I am glad our report was adopted and I am seeking to further it with the Minister and his advisers. I know it will feed into the strategic review of penal reform that the Minister has embarked upon, which is very welcome. It is the first time since the Whitaker committee reported in the mid-1980s that we are going to see this sort of strategic review of the penal system. I hope this Bill does not herald the sort of penal expansionism we have seen in the past under previous Ministers, where new prisons were simply built without any real regard to whether they were needed. I am glad that under this Government we have abandoned the Thornton Hall scheme, which was a particularly extreme example of penal expansionism. It is entirely appropriate that we are seeking to rebuild Cork Prison; there is no doubt about that. I know we will see greatly improved conditions within the prison, including in-cell sanitation as a given, and we will see at least some cells designated as single-cell occupancy. I believe all of us would like to see more cells in the prison designated as single-cell occupancy, at least enough to enable long-term prisoners to be housed in those spaces, as required by the Inspector of Prisons. Even if we cannot attain the proper standards as set out under the European prison rules, I believe we could do somewhat better.

Having said all that, like others, I very much welcome the Bill. I greatly appreciate the urgent need to ensure better conditions for those who are currently incarcerated in Cork Prison.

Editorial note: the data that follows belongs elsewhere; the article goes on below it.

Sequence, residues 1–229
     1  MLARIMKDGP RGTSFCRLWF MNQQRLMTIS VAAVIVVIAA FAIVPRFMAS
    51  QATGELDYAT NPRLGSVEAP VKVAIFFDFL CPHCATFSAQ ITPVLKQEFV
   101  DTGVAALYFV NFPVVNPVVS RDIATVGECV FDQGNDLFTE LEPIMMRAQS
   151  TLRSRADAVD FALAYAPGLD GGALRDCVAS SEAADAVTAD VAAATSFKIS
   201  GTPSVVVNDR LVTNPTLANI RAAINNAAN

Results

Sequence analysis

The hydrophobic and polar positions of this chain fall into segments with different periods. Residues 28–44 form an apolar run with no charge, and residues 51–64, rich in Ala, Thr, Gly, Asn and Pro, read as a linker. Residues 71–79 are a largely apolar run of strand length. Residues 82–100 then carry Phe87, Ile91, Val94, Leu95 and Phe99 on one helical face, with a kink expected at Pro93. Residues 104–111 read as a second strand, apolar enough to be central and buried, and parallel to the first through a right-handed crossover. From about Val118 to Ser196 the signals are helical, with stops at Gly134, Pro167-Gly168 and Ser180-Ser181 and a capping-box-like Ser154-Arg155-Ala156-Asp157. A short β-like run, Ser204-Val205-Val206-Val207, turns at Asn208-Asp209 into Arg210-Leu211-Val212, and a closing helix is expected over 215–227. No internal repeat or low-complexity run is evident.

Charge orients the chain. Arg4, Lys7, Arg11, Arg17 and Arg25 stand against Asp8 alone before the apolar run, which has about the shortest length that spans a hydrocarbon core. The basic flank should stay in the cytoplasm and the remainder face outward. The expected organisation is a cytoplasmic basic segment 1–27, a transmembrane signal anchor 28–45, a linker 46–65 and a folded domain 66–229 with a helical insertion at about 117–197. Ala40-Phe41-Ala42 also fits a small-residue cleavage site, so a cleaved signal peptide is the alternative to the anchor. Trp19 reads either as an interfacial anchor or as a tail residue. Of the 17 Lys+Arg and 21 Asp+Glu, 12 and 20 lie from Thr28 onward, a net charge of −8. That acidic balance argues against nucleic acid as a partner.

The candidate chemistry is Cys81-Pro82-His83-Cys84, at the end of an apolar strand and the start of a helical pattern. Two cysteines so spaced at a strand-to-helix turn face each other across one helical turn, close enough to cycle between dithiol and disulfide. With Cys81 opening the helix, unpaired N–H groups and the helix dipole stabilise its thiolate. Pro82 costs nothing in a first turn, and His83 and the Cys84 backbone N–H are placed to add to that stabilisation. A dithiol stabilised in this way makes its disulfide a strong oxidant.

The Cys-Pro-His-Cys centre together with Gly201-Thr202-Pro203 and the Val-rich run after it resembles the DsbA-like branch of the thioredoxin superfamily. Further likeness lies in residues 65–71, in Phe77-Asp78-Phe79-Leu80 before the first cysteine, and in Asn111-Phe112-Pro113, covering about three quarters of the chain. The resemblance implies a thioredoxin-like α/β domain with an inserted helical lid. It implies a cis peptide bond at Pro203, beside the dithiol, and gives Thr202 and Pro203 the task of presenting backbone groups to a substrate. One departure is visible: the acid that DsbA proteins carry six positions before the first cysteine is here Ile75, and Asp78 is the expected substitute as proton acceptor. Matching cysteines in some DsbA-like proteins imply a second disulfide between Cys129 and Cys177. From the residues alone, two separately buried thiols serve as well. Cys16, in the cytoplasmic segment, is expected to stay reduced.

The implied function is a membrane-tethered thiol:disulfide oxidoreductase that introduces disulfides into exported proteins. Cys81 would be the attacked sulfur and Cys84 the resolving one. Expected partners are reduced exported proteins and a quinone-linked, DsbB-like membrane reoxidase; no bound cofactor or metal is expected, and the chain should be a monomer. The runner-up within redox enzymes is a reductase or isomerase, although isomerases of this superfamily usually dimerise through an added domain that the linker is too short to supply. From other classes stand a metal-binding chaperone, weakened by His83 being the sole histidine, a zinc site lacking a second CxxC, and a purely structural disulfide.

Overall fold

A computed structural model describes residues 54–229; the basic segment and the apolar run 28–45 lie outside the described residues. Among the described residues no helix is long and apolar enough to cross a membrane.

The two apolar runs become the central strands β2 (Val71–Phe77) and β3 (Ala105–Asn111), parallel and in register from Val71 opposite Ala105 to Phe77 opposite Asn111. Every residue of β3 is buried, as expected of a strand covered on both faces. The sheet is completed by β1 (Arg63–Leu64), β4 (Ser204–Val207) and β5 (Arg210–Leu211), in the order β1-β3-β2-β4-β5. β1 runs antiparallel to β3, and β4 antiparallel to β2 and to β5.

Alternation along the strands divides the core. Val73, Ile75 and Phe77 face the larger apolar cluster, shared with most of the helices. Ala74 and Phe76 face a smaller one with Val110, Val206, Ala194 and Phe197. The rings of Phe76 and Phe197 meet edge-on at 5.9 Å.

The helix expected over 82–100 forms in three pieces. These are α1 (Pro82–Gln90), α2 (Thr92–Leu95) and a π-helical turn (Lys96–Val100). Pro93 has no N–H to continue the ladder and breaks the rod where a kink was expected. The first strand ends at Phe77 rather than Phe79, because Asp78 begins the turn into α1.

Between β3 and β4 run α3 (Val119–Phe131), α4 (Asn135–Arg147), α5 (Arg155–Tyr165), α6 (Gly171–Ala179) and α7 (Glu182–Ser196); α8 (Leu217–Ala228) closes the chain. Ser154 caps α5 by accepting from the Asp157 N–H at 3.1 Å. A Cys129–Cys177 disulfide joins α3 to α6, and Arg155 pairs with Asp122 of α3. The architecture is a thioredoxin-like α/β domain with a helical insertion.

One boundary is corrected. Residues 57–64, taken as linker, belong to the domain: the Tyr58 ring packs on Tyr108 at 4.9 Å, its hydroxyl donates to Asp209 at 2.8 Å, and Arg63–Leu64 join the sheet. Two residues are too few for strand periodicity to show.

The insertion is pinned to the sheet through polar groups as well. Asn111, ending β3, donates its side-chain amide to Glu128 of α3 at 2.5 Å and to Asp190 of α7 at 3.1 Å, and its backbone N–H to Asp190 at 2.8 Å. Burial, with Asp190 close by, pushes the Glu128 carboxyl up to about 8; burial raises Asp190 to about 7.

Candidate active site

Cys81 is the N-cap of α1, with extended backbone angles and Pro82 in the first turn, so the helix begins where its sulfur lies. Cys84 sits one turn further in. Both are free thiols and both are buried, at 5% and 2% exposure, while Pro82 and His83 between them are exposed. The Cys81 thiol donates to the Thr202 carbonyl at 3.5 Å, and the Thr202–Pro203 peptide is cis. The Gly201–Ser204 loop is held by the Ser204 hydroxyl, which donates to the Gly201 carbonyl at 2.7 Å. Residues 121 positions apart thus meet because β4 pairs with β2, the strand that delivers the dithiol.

I welcome the Minister of State, Deputy Kathleen Lynch. Many good points have already been made, particularly regarding community service and attachment of earnings. I believe many people are in prison as a result of relatively small debts and it is hugely expensive to keep them there. I did not hear mention of tagging, which is a feature of other justice systems. In addition, are we going to use restorative justice programmes?

I am disappointed with the question of doubling up, and I share the concerns expressed by the Jesuit Centre for Faith and Justice that doubling up leads to drug abuse, violence and intimidation, and, as in the Gary Douch case, to death. The distinguished former Senator T.K. Whitaker recommended single cells, ready access to toilet facilities, which is being provided, and 12 hours out of the cell, although the Minister of State said only six hours out of the cell is proposed, if I heard her correctly. When we talk of keeping national rules, I believe we should refer to European rules because I fear some of the national rules in such areas are too lax. We must aim for higher standards.